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Our unique 15,000 sq. ft. Legal Center is located on 6.2 wooded and lake acres in the heart of north Pinellas County, Florida. Our trial facility includes a full sized courtroom and an exhibits / video production company onsite.

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Sexual Harassment

employee rights


Am I being sexually harassed?

Sexual harassment is a specific type of sex discrimination that occurs when a person harasses another based upon that person's sex. Although most people think of sexual harassment as a male sexually harassing a female, the victim and the harasser can be either female or male, and the victim and harasser can be the same sex. The harasser can be the victim's supervisor, a supervisor in another area, a co-worker, or someone who is not an employee of the employer, such as a client or customer.

Harassment can include “sexual harassment” or unwelcome sexual advances, requests for sexual favors, sexual gestures, comments, texts, or emails and other verbal or physical harassment of a sexual nature. Harassment does not have to be of a sexual nature, however, and can include offensive remarks about a person’s sex. For example, it is illegal to harass a woman by making offensive comments about women in general. The comments also do not always need to be directed at the employee for the employee to have a legal claim for harassment.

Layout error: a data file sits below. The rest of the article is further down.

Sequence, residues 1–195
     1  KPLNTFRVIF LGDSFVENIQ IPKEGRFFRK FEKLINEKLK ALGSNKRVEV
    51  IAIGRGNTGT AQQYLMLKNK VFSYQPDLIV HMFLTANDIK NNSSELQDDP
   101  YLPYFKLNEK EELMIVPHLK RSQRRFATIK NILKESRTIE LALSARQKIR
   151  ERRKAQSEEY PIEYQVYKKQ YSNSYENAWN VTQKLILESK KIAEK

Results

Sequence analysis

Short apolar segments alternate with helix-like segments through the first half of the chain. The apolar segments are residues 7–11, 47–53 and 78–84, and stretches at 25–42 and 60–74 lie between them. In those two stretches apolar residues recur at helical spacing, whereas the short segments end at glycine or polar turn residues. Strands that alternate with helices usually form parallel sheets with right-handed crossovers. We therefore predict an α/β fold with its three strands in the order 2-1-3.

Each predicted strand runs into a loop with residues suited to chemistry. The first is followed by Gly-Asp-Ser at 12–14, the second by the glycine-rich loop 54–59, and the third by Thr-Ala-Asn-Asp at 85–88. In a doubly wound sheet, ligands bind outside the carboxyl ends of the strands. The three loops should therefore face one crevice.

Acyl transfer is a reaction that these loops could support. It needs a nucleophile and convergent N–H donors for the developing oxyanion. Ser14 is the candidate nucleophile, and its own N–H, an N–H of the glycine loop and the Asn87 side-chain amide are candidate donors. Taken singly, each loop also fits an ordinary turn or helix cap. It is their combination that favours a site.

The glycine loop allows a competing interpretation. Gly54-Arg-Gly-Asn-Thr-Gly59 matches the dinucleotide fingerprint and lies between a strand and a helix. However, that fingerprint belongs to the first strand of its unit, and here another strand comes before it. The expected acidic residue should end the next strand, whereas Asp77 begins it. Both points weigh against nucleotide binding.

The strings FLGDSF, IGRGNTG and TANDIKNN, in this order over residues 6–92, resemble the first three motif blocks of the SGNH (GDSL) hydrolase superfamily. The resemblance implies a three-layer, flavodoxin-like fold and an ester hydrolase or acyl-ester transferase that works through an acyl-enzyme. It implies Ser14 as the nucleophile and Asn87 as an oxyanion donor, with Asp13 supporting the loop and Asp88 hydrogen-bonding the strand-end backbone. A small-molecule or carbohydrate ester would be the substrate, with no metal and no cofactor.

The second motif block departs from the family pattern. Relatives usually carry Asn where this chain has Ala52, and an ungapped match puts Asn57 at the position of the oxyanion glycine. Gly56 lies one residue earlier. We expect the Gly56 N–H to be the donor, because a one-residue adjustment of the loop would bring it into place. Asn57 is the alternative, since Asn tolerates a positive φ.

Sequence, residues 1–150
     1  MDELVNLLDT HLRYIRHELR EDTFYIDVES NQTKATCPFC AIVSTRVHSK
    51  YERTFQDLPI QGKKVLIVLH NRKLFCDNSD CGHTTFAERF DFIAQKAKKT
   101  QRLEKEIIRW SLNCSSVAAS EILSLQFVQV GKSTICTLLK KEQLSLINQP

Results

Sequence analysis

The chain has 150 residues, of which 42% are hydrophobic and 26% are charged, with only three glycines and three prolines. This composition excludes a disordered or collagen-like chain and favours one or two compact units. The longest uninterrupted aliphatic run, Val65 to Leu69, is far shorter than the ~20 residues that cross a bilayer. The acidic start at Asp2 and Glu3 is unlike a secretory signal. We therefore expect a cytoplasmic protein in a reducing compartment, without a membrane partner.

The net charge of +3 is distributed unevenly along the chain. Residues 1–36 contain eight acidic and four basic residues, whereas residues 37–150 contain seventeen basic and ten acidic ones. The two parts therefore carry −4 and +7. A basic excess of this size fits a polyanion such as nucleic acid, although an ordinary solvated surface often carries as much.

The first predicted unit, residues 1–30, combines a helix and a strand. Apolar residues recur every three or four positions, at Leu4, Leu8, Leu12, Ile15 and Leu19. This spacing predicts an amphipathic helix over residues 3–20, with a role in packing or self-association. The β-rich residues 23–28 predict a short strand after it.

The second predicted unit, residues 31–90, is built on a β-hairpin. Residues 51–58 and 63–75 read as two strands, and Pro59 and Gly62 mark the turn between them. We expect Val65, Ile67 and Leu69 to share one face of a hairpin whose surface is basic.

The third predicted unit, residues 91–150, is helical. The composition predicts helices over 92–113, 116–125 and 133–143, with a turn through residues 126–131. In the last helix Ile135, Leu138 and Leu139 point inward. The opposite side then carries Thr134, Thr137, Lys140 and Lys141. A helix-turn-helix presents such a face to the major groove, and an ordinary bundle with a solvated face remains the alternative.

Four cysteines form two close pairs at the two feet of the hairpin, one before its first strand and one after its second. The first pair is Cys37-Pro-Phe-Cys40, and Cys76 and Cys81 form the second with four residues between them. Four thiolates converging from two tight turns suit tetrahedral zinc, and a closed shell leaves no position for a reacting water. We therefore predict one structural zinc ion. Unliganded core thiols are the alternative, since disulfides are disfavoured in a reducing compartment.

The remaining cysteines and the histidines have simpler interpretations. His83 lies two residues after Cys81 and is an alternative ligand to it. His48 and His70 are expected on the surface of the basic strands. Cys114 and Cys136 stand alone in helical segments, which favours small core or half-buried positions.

Although law does not prohibit simple teasing, offhand comments, or isolated or infrequent incidents that are not very serious, harassment is illegal when it so frequent or severe that it creates a hostile, offensive, oppressive or intimidating work environment or when it results in an adverse employment decision, such as being fired or demoted. Sexual harassment may also occur when unwanted sexual favors are explicitly or implicitly demanded by a supervisor or manager as a condition of continued employment or to keep or receive better conditions of employment, such as an increase in pay, promotion, or overtime.

If an employee believe he/she is being sexually harassed it is important that the employee follow the company’s sexual harassment reporting policy. If the company does not have a sexual harassment reporting policy, the employee should report the harassment to management or human resources. This allows the employer to investigate the allegation, take steps to correct the problem, and prevent future harassment. In some circumstances, failure to follow a company’s reporting policy can negatively affect an employee’s claim of sexual harassment.

Employees who believe that they have been a victim of sexual harassment must act quickly to protect their rights. If you believe you have been sexually harassed contact our office for a free consultation. You can also contact the Equal Employment Opportunity Commission or the Florida Commission on Human Rights to file a charge of discrimination.